I first met field recordist Martin Pinsonnault in March, 2014. He had arrived in Toronto to attend Canada’s version of the Academy Awards, the Canadian Screen Awards. Pinsonnault had been nomiated for best sound editing for his work on a film about legendary strongman, Louis Cyr.
At that time, Martin and I chatted about his technique of providing the mix with mid-side clips, and his preference for recording sound fx with the ORTF stereo recording technique. Martin also shared with me fascinating field recording stories. Fans of the Tonebenders will have heard some of these. Pinsonnault was featured on episode 14 of the podcast.
Martin Pinsonnault is a multi-award winning editor and sound designer, having claimed multiple Genies, Jutras, and Screen Awards for his work. He has contributed to films such as Dallas Buyers Club, Young Victoria, and others. As a field recordist, he has captured the sound of steam and freight trains, 192 kHz “singing crystal” glass fx, and the engine of a 2006 Campagna T-Rex three-wheeled motorcycle, all of which he shares from his website. I asked Martin if he was interesed in sharing his thoughts about field recording and the gear he uses.
So, in today’s post, Martin Pinsonnault generously relates his thoughts on sound equipment and advice for evolving a field recording kit. Beyond the gear itself, Martin describes his ideas about the responsiblity and satisfaction of sharing sound fx. Through two pristine field recordings, he reveals how the context of a field recording’s sound, location, and emotions interact with the recordist themselves to produce a result larger than a sound file itself.
Creative Field Recording: What is your favourite field recording equipment?
I don’t have favourite recording equipment. Having [a single] favourite field recording equipment brings the recordist to compromise by handling all situations with one setup. Microphones and recording techniques make important differences on sound properties, therefore some can handle situations better than others and focus on different aspects of the sound. High quality microphones and recorders are very important if you want to build a valuable sound library to share, sell or use in sound design. Top equipment is very pricey, therefore, it should be acquired through time, thinking of it like an ongoing quest for the ultimate recording equipment. I generally put more budget on microphones rather than recorders to get the maximum from sound capture. Budget is an important issue obviously, we can’t always get what we want.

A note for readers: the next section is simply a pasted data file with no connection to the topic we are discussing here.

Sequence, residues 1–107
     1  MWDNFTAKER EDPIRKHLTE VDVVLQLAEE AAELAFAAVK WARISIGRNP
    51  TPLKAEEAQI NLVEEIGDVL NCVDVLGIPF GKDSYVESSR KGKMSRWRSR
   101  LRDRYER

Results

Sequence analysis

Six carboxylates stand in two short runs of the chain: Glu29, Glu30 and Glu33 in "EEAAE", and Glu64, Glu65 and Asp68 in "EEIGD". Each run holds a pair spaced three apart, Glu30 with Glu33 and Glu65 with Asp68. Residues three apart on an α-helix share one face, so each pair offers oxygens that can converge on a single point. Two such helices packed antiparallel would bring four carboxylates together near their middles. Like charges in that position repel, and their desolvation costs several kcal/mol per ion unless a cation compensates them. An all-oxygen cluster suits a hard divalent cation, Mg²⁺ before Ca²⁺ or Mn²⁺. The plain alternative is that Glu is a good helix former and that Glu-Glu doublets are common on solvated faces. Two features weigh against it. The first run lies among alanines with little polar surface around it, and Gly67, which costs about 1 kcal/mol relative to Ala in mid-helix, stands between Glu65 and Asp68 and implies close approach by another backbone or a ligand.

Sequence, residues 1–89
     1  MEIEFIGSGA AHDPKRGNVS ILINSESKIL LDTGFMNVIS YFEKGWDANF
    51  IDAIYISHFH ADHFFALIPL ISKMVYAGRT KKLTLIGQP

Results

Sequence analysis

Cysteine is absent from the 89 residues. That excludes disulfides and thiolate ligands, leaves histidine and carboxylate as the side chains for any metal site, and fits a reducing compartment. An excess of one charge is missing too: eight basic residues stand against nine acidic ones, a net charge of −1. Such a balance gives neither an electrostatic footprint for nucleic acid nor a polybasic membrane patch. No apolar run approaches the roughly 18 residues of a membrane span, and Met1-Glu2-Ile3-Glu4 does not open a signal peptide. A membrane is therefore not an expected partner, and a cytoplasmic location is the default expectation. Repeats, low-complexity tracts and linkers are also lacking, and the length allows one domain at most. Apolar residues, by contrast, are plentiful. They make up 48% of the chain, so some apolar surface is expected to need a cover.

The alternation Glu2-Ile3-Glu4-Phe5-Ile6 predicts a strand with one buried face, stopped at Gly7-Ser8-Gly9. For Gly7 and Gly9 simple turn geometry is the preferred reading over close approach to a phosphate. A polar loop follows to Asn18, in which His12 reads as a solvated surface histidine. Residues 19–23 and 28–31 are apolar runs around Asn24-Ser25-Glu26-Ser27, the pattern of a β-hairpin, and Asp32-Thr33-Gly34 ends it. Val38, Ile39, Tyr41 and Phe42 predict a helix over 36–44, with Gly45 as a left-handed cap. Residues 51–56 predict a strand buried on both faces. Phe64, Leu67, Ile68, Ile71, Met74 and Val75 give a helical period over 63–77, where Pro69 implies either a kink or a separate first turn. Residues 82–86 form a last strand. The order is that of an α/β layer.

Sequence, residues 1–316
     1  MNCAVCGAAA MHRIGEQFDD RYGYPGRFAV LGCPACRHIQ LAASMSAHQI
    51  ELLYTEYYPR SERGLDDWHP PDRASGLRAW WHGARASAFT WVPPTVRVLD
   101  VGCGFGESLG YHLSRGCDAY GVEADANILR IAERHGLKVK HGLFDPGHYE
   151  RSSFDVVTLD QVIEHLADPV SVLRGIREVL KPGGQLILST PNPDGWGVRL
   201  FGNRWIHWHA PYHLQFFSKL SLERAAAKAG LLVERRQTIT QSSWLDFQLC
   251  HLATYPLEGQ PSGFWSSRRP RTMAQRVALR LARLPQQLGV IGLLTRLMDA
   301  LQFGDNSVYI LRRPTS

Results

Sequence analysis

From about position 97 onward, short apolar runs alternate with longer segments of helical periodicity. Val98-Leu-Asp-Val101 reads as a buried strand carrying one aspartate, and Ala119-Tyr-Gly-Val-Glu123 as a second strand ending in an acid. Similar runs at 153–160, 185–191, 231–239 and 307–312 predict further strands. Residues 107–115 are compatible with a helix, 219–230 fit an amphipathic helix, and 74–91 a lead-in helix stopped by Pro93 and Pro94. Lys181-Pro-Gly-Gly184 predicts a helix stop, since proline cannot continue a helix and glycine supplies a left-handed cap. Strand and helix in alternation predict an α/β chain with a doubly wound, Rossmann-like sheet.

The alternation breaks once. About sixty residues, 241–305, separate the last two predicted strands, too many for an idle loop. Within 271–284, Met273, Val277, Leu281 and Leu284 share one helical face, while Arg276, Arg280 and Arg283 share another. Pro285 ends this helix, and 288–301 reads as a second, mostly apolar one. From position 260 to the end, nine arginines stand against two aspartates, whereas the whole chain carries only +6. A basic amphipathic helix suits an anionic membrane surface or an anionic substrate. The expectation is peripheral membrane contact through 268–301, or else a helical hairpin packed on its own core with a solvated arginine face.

CFR: Why do you prefer the equipment you use?
I have been recording ambiences and effects with a Schoeps M/S microphone for a large part of my sound library, [which I] started in 1994. I really appreciate the flexibility of being able to record ambiences as well as hard SFX because of its mono compatibility in a relatively small recording setup. The versatility in post production for decoding, and its plurality of use in post production in general for dialog, music, sfx and ambience recordings has made it a true favourite microphone for all this time.
Acquired throughout the years to fill my day-to-day requests, I have experimented with many other recording techniques since. Binaurals, made of two omnidirectional microphones, such as the DPA 4060, can really catch the feeling of a room, the rowdiness of a crowd and the largeness of space… Very ambient, they are handy and stealthy when hooked to a small recorder. The generous bass response and overall sound properties of the binaural technique – similar to the perception of the human ears – make it a great addition to the arsenal.